She said that then-Secretary of State Clinton criticizing Putin for Russia’s 2012 elections encouraged the foreign leader to seek revenge. Rice said that Putin is an “eye for an eye” kind of person and that he was out to hurt Clinton in order to prove that America could also have flawed elections.

“With Vladimir Putin, this was an eye for an eye. He’s an eye for an eye kind of person, and Hillary Clinton criticized his election. Now he wants to show that he can sow chaos in ours.”

 

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Condi is wrong on several counts.

1. Hillary commented (no she did not “meddle” – that is something different but back to that later) on the 2010 Russian parliamentary elections not Putin’s 2012 presidential election.

In her memoir of her State Department years, Hard Choices, Hillary Clinton portrays Putin’s worldview as “shaped by his admiration of the powerful czars of Russian history” and his view of geopolitics as a zero-sum game. Following the December 2010 parliamentary elections in Russia, widespread reports of fraud brought tens of thousands of protestors out into the frigid Russian streets. Hillary recalls stating, “The Russian people, like people everywhere, deserve the right to have their voices heard and their votes counted…. That means they deserve fair, free, transparent elections and leaders who are accountable to them.” She goes on to describe Putin blaming her for “setting the tone” for the widespread demonstrations that followed the elections. Nothing in Hillary’s memoir nor elsewhere  provides any account of Hillary speaking out against Putin’s 2012 reelection or any protests, for that matter.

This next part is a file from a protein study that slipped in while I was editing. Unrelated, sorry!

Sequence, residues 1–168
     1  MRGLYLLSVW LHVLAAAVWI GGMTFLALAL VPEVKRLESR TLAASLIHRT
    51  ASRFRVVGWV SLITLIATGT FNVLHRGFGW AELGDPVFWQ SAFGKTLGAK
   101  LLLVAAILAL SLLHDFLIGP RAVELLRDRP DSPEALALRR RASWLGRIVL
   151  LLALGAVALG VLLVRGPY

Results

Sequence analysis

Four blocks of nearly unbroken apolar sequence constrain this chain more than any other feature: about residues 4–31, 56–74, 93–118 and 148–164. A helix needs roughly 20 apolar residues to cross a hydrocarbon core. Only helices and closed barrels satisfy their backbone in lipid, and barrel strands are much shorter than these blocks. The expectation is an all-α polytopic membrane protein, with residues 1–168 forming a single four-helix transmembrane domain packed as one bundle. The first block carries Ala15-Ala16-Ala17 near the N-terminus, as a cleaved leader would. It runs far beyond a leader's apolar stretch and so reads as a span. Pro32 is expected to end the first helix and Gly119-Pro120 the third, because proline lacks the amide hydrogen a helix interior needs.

2.  Hillary Clinton was not “meddling” when she made her comments. This is meddling. As secretary of state, Hillary was well within her “paygrade” to make a comment regarding elections and unrest in another country.

3. Victim-blaming is always a cheap shot and always wrong! It is especially disturbing coming from a former secretary of state about her successor. I have this quote in the right sidebar here. It bears repetition. “What I have always found is that when it comes to foreign policy, it is important to remember that politics stops at the water’s edge.” -HRC 11-04-10. Had Condi remained at the State Department in December 2010, she, too, would have been expected to comment on the elections and protests in Russia – especially given her academic background. Would her remarks have been so different?

The cyber attacks against independent election observers that Hillary describes in Chapter 11 of Hard Choices foreshadow some of what we saw happen here in 2016. Some. But not all. Not the worst. We also deserve fair, free, transparent elections and commentary about a foreign country from a candidate never justifies elements from that country interfering in our elections in any way.

Reuters Secretary of State Condoleezza Rice meets with President-elect Barack Obama’s Secretary of State nominee Hillary Clinton at the State Department.

 

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From the article:

 


Rex Tillerson is pictured. | AP Photo
The move — believed to be ordered by a top aide to Secretary of State Rex Tillerson — reflects the Trump administration’s rightward turn from the Obama administration on family planning issues. | Hussein Malla/AP Photo

State Department officials have been ordered to pare back passages in a soon-to-be-released annual report on global human rights that traditionally discuss women’s reproductive rights and discrimination, according to five former and current department officials.